Notes

1

One of the challenges of mutual aid entering public conversations and debates is it gets taken up widely and in some cases its applications more closely resemble charity than the political work that is foundational to understanding mutual aid. Though our paper does not address this specifically, we offer this note to acknowledge that more public and mainstream conversations about mutual aid are not without challenges and complexity.

2

In The Sanctified Church (1981), Zora Neal Hurston suggests that a spiritual analytic can better help us locate Black feeling. She tells the story of High John the Conqueror, a traditional Black American spiritual figure who one day appeared to enslaved Africans in the plantation south as a liberator. High John took them on a journey beyond the enclosure of the plantation to the abundant heavens through subversive practices of song, humor, and astral projection. On their return, the white slave master could not conceive of their joy: “Us got all that [joy], and he don't know nothing at all about it” (Hurston 1981: 77).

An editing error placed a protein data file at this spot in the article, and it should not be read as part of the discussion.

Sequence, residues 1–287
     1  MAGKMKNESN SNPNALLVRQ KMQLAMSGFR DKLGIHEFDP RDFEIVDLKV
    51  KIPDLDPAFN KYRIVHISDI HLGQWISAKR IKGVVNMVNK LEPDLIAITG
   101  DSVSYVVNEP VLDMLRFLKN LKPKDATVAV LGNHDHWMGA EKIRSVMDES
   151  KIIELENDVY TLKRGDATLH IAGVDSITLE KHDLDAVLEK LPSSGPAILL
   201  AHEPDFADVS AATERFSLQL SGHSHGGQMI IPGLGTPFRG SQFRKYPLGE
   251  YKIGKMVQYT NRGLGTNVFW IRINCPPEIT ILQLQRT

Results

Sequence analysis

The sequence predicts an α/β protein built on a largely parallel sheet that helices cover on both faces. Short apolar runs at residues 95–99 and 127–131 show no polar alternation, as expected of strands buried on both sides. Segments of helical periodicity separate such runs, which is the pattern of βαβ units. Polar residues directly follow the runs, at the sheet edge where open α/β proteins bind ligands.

3

There are many articles that document this story. See Dan Solomon's article in The Texas Monthly as one example (https://www.texasmonthly.com/the-culture/5-million-sams-bbq-dilemma/).

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Contributor Notes

ASHANTÉ M. REESE is Assistant Professor of African and African Diaspora Studies at the University of Texas at Austin. She is the author of Black Food Geographies: Race, Self-Reliance, and Food Access in Washington, D.C. Email: ashante.reese@austin.utexas.edu

SYMONE A. JOHNSON is Assistant Professor of African and Black Diaspora Studies at DePaul University. She holds a Ph.D. in anthropology from the University of Notre Dame. Email: sjohn271@depaul.edu